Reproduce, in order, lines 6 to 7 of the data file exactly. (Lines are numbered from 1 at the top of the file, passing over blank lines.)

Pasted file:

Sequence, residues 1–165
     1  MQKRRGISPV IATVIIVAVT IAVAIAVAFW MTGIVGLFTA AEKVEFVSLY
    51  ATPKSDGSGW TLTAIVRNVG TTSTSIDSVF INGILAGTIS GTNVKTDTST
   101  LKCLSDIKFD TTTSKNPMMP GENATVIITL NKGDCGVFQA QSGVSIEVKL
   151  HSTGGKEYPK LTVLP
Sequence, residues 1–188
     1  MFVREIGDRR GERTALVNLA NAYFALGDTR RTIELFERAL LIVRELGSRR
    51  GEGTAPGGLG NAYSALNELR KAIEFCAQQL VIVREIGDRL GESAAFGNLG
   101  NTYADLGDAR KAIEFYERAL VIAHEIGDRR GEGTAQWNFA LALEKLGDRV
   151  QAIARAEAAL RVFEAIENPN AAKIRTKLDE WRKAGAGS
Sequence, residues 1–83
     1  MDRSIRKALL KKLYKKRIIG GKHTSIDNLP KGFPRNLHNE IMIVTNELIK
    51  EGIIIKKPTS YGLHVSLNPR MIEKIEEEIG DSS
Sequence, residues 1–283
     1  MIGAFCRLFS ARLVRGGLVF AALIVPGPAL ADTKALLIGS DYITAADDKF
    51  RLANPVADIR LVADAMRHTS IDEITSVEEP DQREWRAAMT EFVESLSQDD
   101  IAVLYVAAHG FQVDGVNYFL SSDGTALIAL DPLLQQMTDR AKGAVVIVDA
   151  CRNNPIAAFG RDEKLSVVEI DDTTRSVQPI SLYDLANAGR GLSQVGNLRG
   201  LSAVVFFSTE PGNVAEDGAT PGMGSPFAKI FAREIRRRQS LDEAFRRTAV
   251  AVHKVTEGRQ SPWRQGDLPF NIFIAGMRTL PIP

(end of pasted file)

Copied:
Sequence, residues 1–188
     1  MFVREIGDRR GERTALVNLA NAYFALGDTR RTIELFERAL LIVRELGSRR